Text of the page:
Some call them "whitey one-bite." They're also known as "sliders," gut busters," and "belly bombers." The cooking technique is unique to the chain, because it involves steaming the ground beef patties. Minced onions are placed on the grill, with a beef patty on top. The steam from the grilling onions rises up through the five holes in each thin patty so that the beef is thoroughly cooked without having to flip it over.
Now you can use the same method, but with reduced-fat ingredients, to cook a lower-fat version of one of the country's first chain burgers.
Serving size–2 burgers
Calories per serving–310 (Original–310)
Fat per serving–5g (Original–17g)
Source: Top Secret Recipes Lite by Todd Wilbur.
Nicknamed "Sliders" and "Gut Bombers," these famous tiny burgers were one of the earliest fast-food creations. It all started in 1921 when E.W. Ingram borrowed $700 to open a hamburger stand in Wichita, Kansas. Ingram chose the name White Castle because "white" signified purity and cleanliness, while "castle" represented strength. permanence, and stability. White Castle lived up to its name, maintaining that permanence and stability by growing steadily over the years to a total of 380 restaurants.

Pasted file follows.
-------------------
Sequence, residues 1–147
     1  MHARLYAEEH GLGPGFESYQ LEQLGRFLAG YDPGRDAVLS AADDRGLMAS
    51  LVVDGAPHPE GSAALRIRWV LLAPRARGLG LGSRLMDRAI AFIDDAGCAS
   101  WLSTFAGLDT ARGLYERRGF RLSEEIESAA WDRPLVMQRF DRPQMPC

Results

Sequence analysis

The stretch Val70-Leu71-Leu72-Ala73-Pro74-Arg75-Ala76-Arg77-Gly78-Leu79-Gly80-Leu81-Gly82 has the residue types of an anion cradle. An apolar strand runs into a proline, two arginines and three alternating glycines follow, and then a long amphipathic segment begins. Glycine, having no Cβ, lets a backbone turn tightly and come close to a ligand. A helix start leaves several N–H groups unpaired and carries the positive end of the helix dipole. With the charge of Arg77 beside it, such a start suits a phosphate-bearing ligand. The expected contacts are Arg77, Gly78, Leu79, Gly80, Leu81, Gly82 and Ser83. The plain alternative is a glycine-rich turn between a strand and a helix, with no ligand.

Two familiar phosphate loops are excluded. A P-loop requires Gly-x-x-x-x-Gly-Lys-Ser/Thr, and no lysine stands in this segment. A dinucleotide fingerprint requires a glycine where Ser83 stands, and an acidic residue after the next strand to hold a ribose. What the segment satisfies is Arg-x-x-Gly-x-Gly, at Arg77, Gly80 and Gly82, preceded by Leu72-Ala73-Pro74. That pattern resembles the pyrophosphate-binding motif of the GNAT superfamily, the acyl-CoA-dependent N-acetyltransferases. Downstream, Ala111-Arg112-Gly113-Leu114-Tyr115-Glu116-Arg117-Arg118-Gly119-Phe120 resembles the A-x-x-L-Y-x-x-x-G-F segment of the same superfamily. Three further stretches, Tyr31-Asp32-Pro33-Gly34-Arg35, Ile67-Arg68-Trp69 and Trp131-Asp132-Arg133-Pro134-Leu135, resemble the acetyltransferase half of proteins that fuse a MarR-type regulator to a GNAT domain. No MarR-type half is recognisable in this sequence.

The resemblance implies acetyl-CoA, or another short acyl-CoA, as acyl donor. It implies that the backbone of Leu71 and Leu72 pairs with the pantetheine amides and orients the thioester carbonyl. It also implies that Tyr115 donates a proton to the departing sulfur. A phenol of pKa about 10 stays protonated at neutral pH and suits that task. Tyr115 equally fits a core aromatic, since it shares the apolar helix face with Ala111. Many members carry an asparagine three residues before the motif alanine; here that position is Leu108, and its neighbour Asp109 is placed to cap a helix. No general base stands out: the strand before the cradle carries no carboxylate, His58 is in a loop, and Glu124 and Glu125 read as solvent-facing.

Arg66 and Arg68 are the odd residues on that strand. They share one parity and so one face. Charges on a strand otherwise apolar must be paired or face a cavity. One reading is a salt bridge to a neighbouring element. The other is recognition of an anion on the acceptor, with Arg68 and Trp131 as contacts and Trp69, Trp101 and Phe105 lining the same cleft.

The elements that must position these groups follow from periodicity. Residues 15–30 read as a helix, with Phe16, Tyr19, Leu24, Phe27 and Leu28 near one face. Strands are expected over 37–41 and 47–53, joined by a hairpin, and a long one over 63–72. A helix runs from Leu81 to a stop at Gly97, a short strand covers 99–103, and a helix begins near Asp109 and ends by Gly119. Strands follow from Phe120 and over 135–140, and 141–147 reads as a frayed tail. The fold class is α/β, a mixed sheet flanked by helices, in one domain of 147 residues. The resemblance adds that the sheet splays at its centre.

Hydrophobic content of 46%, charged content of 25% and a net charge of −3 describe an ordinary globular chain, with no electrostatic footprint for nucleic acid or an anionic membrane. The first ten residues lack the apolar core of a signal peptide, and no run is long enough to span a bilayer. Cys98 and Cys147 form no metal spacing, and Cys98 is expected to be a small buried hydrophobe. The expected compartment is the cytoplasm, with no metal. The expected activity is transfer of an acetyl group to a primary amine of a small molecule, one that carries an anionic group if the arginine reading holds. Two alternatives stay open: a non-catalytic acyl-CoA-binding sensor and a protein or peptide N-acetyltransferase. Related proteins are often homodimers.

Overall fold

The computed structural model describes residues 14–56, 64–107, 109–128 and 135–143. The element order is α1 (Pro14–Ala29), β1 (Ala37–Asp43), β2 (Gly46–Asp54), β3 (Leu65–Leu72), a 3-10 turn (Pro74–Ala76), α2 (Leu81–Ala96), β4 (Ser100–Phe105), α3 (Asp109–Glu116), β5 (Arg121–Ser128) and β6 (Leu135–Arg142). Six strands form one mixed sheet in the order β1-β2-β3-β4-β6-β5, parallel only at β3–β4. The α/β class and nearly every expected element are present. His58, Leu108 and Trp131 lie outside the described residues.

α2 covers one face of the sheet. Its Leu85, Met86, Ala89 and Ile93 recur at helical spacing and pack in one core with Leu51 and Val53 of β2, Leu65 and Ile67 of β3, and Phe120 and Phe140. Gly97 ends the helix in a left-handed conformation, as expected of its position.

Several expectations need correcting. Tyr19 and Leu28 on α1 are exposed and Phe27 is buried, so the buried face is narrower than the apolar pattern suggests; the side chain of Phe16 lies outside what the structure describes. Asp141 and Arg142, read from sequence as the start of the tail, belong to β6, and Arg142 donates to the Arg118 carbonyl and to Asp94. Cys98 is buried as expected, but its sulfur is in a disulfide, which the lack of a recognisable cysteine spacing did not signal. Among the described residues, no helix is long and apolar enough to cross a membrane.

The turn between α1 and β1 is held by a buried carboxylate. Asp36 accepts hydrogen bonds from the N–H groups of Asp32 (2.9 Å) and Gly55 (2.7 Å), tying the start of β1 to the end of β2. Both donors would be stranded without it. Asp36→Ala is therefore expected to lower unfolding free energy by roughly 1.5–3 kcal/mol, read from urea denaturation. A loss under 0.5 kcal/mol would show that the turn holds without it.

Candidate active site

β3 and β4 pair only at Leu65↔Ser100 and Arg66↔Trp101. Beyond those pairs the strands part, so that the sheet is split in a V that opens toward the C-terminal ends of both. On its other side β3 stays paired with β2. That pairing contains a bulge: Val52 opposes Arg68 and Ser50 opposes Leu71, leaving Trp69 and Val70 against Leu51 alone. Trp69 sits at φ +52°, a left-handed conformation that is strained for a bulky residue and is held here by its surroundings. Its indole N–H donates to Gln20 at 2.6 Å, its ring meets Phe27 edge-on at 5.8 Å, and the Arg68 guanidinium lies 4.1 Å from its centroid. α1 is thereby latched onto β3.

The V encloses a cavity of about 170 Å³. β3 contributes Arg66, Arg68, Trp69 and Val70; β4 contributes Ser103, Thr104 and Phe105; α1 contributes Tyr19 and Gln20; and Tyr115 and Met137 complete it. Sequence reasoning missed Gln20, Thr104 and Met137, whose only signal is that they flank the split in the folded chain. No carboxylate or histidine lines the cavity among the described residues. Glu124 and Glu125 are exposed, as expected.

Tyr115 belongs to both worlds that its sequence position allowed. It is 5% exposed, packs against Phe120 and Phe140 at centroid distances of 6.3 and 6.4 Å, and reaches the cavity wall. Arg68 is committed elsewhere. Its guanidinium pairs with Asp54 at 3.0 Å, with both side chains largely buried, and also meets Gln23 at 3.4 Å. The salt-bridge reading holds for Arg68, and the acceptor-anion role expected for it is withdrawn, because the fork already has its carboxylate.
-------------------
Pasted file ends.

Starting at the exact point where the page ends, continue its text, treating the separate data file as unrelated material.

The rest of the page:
Ingram's inspiration was the development of steam-grilling, a unique process that helped the burgers retain moisture. The secret is grilling the meat over a small pile of onions that give off steam as they cook. Five holes in each mini-burger help to ensure that the meat is completely cooked without having to flip the patties. Today customers can buy these burgers "by the sack" at the outlets, or pick them up in the freezer section of most grocery stores, but hey, it's fun to use my White Castle burger copycat recipe to make them at home.
Source: More Top Secret Recipes by Todd Wilbur.
For over 30 years I've been deconstructing America's most iconic brand-name foods to make the best original copycat recipes for you to use at home. Welcome to my lab.